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Buck, boost, or bust?

A project log for Coin Cell Jump Starter

Starting a car with a CR2477 coin cell

Ted YapoTed Yapo 12/03/2017 at 05:000 Comments

Astute readers will have noticed I incorrectly said I needed a boost converter to transfer energy from the 3V coin cell to the 14V capacitor bank.

This is true once the capacitors are charged above the cell voltage, but from 0 to 3V or so, I need a buck converter.  Unfortunately, I can't just connect the coin cell directly to the capacitors to get them initially to 3V.  If I did that, the internal resistance of the cell would waste too much power - to get the maximum energy from the cell, it has to be transferred slowly, probably over the course of many hours.  So, I need a buck/boost converter.


Since I don't really care that the cell and the car share a common ground, I can use the simplest buck/boost topology, which incidentally inverts the output voltage.  The car won't mind as long as I get the polarities right at the battery connection.  I made a first pass at a LTspice simulation for the converter, as shown above. I chose a P-channel MOSFET from the library basically at random; none of the components are set in stone yet.  R1 simulates the internal resistance of the CR2477 cell - this changes over the life of the cell, so I'll have to account for that at some point.  C1 serves to smooth the current drain from the cell, providing a reservoir for the current pulses into L1.  M1 switches current into the inductor when turned on, then switches off to allow L1 to drain into D1 and C2, the B.F.C. (note the "67" with no units  - that's 67 Farads).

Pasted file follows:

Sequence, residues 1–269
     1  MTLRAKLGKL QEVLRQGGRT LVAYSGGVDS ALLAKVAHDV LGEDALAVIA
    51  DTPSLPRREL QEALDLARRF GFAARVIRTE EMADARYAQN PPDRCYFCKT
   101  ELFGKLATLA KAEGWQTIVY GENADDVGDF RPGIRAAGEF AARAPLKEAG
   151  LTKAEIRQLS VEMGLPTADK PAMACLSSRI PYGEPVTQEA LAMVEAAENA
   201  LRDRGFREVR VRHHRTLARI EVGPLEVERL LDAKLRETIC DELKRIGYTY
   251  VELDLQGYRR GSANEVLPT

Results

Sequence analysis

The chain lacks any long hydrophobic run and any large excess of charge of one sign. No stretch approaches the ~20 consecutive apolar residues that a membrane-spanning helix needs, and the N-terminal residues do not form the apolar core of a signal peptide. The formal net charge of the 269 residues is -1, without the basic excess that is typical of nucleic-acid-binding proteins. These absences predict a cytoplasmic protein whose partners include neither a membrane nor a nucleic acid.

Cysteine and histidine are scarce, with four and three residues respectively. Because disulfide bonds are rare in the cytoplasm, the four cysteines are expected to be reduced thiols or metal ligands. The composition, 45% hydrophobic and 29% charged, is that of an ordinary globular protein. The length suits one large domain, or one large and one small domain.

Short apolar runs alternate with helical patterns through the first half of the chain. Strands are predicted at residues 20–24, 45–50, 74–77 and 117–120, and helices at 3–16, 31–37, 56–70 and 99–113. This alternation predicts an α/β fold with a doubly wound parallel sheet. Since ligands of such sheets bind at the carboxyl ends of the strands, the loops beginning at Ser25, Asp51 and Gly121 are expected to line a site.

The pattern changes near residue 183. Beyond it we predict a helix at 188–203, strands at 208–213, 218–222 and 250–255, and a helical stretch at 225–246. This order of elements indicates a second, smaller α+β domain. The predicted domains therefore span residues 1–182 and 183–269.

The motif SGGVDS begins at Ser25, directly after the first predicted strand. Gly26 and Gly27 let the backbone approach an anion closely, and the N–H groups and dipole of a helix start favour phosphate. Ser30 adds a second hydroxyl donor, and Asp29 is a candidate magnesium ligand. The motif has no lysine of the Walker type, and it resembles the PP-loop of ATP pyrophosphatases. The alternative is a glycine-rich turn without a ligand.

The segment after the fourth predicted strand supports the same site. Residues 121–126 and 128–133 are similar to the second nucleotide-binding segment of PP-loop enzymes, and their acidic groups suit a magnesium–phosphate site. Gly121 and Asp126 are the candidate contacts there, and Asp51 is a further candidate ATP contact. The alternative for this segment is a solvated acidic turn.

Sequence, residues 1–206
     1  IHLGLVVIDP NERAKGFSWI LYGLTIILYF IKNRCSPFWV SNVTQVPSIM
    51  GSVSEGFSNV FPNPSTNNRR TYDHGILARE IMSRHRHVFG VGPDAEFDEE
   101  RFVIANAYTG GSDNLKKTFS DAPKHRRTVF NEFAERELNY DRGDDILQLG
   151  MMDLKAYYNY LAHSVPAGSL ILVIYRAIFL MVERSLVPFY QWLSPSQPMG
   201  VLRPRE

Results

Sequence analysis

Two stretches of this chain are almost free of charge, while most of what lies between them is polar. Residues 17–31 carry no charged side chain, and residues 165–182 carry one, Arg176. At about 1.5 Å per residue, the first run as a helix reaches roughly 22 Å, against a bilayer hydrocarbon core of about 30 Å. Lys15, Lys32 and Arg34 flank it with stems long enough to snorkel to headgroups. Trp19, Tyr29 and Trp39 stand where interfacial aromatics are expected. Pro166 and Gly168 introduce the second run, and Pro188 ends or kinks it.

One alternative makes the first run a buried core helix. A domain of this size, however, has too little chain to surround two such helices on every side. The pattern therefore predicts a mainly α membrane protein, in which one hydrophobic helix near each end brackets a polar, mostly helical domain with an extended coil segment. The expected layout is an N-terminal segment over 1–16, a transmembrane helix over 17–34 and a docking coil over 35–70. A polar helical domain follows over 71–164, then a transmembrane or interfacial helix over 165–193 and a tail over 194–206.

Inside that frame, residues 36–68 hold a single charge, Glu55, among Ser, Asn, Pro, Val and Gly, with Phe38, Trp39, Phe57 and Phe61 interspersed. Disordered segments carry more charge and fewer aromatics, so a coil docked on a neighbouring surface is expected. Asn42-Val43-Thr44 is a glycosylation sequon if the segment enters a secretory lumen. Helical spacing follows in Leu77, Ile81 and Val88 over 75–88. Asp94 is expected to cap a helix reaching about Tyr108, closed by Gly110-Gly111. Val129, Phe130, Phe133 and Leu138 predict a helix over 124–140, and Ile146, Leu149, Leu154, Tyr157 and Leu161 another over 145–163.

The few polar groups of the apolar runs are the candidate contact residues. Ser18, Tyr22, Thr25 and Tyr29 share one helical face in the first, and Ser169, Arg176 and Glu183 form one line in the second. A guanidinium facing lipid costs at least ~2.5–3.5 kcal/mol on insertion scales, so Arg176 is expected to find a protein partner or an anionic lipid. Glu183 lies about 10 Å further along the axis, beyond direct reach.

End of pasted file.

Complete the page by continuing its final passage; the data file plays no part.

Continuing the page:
Here is what the cell current and output capacitor voltage look like in the first 100ms of simulation:

The circuit draws about 40mA from the cell, which would deplete the cell in roughly 25 hours - I may have to wait a day for the capacitors to charge, but this should extract a decent amount of the available energy from the cell.  Once I have a stock of cells to play with, I can look into decreasing the charge time (or possibly extending it, if necessary).

During these 100ms, the capacitor voltage has risen to around 150 uV.  Not very impressive, is it?  But, if that rate were continued, it would charge the capacitor to 150e-6 * 10 * 60 * 60 * 25 = 135V in 25 hours.  Of course, this would greatly exceed the capacity of the cell, so can't happen.  In reality, the output of the converter will be roughly constant power, causing the dV/dt on the capacitor to decrease over time.  So, the last 100ms of charging will actually see much less than 150 uV of voltage change.


Oh, the magic pulse source, V2, driving the MOSFET is probably a PIC15LF71.  In the simplest case, it can just generate a constant driving waveform, but if there's something to be gained, I can monitor the cell and/or capacitor voltages with the PIC ADC and make adjustments.  I haven't really thought that part through, yet.

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